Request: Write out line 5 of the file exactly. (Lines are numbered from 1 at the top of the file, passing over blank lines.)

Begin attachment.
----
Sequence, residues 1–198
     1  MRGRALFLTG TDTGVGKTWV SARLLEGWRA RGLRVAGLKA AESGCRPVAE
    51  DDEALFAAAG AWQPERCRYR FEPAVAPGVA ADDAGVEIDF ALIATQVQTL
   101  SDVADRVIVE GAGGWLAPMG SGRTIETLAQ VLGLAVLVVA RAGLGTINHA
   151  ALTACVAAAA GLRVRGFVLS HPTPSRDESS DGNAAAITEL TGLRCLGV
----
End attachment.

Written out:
   151  ALTACVAAAA GLRVRGFVLS HPTPSRDESS DGNAAAITEL TGLRCLGV